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LIZ JONES: Why I’ve publicly shamed my former partners for over 25 years



Accepting her 13th award at the Grammys earlier this month, Taylor Swift unveiled the title of her new album, due to be released in April.

It’s called The Tortured Poets Department. Her millions of fans and followers instantly grasped its meaning, and hands all over the world shot to mouths.

Because the title is a clear and very sharp stiletto puncturing the shrivelled heart of her British ex-boyfriend Joe Alwyn, who is part of a WhatsApp group, alongside actors Andrew Scott and Paul Mescal, titled The Tortured Man Club.

Whatever the origins of that name — Alwyn claims it’s a reflection on characters he and Mescal have played in adaptations of Sally Rooney novels — you can’t help but love Taylor’s appropriation of the word ‘tortured’, which she strips of irony and ‘poor me’ factor, and instead pokes fun at.

The newly revealed track titles also suggest this is a break-up album and Alwyn should brace himself. Track five is called So Long, London, where the couple lived; and track 11, I Can Fix Him (No Really, I Can).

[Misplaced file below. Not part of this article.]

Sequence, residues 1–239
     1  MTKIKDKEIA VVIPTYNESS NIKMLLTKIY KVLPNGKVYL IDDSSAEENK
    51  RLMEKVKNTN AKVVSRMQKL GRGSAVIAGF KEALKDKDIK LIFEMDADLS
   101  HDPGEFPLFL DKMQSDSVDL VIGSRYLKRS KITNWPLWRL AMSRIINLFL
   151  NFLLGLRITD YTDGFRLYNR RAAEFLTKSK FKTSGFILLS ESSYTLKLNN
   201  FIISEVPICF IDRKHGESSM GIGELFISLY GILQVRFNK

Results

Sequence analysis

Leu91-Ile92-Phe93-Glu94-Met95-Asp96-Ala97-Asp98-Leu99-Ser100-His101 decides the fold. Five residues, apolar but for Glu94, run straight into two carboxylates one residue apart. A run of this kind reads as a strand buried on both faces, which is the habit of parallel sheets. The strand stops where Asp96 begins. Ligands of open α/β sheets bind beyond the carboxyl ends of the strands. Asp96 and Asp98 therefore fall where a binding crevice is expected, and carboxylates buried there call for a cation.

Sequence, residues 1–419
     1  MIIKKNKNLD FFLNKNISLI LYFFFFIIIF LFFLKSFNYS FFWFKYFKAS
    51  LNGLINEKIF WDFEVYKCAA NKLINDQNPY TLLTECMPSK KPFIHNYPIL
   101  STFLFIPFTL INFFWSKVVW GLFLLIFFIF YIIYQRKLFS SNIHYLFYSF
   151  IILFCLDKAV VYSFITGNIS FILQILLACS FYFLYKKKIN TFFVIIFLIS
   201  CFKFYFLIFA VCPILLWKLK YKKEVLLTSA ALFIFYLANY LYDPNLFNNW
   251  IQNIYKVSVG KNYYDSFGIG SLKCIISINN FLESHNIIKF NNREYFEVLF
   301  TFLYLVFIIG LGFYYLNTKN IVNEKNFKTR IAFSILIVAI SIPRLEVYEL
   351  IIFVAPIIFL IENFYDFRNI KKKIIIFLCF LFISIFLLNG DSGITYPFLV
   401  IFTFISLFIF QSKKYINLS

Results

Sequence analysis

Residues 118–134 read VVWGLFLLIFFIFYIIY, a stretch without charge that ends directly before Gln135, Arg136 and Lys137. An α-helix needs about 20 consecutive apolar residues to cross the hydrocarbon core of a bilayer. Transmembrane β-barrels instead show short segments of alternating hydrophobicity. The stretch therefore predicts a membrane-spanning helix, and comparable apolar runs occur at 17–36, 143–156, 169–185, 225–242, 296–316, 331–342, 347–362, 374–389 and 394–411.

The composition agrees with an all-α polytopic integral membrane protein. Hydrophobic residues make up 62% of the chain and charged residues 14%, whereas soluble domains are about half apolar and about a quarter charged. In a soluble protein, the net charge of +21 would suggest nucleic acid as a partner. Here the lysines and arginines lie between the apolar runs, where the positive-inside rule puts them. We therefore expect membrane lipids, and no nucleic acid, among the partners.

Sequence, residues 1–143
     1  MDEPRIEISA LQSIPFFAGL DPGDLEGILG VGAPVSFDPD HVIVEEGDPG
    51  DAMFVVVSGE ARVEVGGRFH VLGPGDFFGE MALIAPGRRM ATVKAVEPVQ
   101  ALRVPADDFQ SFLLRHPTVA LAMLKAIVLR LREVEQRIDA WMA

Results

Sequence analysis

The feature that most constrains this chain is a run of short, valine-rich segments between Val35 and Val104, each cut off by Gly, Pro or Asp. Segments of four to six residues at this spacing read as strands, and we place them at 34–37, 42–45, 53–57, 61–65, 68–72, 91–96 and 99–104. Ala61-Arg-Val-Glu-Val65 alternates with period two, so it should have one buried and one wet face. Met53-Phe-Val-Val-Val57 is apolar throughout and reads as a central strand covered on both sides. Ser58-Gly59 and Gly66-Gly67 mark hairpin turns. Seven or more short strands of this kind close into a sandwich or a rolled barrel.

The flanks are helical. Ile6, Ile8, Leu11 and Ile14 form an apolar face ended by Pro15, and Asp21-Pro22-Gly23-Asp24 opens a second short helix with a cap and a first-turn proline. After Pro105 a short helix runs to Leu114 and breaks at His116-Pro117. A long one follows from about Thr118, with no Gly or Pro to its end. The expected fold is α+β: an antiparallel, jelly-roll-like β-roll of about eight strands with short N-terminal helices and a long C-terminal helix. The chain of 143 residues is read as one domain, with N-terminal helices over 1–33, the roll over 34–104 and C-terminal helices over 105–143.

Once again, Swift has mined her love life and turned it into art, neatly flipping the usual model of woman as passive muse, man as creative genius.

Alwyn, who broke up with Taylor last year, joins a long list of similarly immortalised exes, and is apparently not happy. A friend told the Daily Mail last week that he ‘has said not one word about the break-up…’ and has ‘removed himself from her narrative and is very glad he did’. He is angry she has written a ‘diss’ album.

I am here to tell you I know exactly what it is like to be Taylor Swift — minus the spangled leotard and billions in the bank, obviously.

Like her, I have always aired my dirty linen in public. In my YOU magazine column, which I’ve written for almost a quarter of a century, I have discussed the flaws and shortcomings of at least five real-life lovers, former and current.

My ex-husband and I have assassinated each other in print on many occasions for the past 15 years. I’ve become famous for my ruthless honesty — to the extent that other women gleefully pick over my life and the identity of my exes in online forums and on social media.

Also like Taylor, I’m often asked why on earth I over-expose so relentlessly. Is it cathartic to belittle and shame, to come out as the winner, to make money from misery? But isn’t it also isolating, self-destructive, humiliating and hurtful?

Wouldn’t I — and Taylor, too — have much more lovely personal lives if we stopped, and wittered on about car parks and flowers instead?

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